Topical Guides

Topical Guides are provided by the AP Stylebook editors for timely events. Here is the most recent topical guide:

2016 Election Guide


Congress, congressional Capitalize when referring to the U.S. Senate and House together. The adjective is lowercase unless part of a formal name.
congressman, congresswoman Used only for members of the U.S. House,
conservative Lowercase in referring to a political philosophy.
convention lowercase unless used in a formal name: Republican National Convention (July 18–21 in Cleveland), Democratic National Convention (July 25-28 in Philadelphia).
Democrat, Democratic Party Both terms are capitalized. Do not use Democrat Party unless quoting someone.
democratic socialism Sen. Bernie Sanders' self-described political leaning, akin to European democratic socialism.
district Spell it out, use an ordinal number and capitalize district in a proper name: the 2nd District.
Election Day, election night The first term is capitalized, the second is lowercase for the Nov. 8 national elections.
first lady Not an official title, always lowercase.
fundraiser, fundraising Single words in all uses.
Iowa caucus Took place Feb. 1
leftist, ultra-leftist Avoid these terms in favor of more precise descriptions of political leanings and goals.
liberal, liberalism Lowercase in reference to a political philosophy.
majority leader, minority leader Capitalize as formal legislative title before a name.
majority, plurality A majority is more than half the votes cast; a plurality is the largest number of votes, but less than a majority.
New Hampshire primary
"Obamacare" Informal term for the Affordable Care Act. May be used in quotation marks on second reference.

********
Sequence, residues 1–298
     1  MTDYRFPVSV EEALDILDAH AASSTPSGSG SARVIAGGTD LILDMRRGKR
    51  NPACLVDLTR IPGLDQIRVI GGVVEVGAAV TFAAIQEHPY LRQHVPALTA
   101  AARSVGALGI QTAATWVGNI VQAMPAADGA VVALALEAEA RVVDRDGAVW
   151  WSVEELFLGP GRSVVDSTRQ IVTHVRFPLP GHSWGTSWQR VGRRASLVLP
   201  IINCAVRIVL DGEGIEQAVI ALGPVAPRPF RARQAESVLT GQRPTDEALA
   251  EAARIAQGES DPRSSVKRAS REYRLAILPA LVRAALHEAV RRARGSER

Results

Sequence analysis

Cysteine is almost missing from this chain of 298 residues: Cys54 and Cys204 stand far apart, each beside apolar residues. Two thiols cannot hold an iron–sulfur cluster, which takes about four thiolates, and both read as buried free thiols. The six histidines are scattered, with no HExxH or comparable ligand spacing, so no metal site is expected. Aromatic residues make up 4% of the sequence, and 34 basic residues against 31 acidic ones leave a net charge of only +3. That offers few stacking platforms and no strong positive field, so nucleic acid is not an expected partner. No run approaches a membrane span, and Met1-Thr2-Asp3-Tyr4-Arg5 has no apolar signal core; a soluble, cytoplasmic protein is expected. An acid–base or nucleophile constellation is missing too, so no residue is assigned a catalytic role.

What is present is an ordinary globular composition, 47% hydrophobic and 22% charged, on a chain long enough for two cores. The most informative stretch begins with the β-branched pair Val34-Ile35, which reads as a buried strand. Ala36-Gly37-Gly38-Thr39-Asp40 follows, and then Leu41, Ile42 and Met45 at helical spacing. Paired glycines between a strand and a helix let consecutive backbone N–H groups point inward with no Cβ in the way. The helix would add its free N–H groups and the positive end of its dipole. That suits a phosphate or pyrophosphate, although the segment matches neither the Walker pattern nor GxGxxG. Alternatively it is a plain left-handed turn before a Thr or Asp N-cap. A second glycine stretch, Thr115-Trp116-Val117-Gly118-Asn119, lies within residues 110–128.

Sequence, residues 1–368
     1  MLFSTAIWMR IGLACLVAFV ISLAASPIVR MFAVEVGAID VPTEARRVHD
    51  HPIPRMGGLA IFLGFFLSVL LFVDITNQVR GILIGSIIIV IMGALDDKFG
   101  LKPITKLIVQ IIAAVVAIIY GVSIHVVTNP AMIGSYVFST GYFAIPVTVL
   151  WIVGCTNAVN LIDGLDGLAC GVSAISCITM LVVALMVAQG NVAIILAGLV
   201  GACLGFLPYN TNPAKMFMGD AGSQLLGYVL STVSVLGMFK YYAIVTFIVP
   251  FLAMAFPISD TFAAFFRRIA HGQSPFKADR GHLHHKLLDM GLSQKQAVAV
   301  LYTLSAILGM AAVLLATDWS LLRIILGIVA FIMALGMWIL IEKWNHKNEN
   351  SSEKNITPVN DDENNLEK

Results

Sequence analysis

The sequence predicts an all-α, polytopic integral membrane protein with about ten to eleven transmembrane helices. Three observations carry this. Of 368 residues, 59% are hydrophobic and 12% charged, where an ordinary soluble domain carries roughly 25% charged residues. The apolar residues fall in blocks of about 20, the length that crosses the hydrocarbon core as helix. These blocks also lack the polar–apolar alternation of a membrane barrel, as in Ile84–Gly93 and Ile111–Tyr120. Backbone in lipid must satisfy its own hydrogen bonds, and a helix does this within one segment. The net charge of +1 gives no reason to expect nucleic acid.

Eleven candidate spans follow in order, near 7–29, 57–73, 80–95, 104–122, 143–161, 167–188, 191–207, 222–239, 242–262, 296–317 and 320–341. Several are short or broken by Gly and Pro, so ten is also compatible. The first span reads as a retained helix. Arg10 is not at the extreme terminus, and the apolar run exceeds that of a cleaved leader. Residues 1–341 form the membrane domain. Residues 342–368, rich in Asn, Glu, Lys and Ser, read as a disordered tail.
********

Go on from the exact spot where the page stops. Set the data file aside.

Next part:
PAC, super PAC A political action committee raises money for candidates or parties from individuals, but not -- at the federal level -- from businesses or labor unions. A super PAC may raise and spend unlimited amounts of money, including from corporations and unions, to support candidates for federal office but must operate independently.
party affiliation A candidate’s political party is essential information in any election, campaign or issue story.
policymaker, policymaking One word for each.
polls and surveys Consult the detailed entry in the AP Stylebook on how to use results of public opinion surveys and avoid exaggerating the meaning.
president, vice president Capitalize these titles before names; lowercase in other uses.
presidential, presidency The first term is lowercase except as part of a formal name; presidency is always lowercase.
presidential election
press secretary Seldom a formal title and thus lowercase.
primary, primary day Both are lowercase, including when used with a state: New Hampshire primary.
progressive Political proposals or actions characterized by liberal viewpoints.
re-elect, re-election Both are hyphenated.
Republican, Republican Party Both terms are capitalized. GOP, standing for Grand Old Party, may be used on second reference.
rightist, ultra-rightist Avoid these terms in favor of more precise descriptions of political leanings.
representative, Rep. Use Rep., Reps. as formal titles of House members before one or more names. Spell out and lowercase representative in other uses.
Super Tuesday March 1, contests in 13 states to choose convention delegations, the busiest day of the run-up.
tea party Lowercase the populist movement that opposes the Washington political establishment. Adherents are tea partyers. Formally named groups in the movement are capitalized: Tea Party Express.


battleground states Hotly contested states where one or both campaigns are spending money and polls show the electorate is split.
close race Avoid the term to describe a political contest unless backed up by voter surveys.
dark horse Someone who emerges from the political shadows to seek a nomination.
front-runner Candidate who leads a political race; the term is hyphenated.
horse race Closely contested political contest is preferred.
kingmaker Politically powerful person who boosts candidates into office.
populist Someone who espouses the interests of common people.
rank and file (n.), rank-and-file (adj.)Ordinary members of a political party.
stalking horse Someone who enters a political race to lure voters away from rivals, then drops out and endorses another candidate.
surrogate A prominent person who campaigns on behalf of a candidate.
swing states States where voters have vacillated between Republican and Democrat candidates in the last three or four presidential elections.
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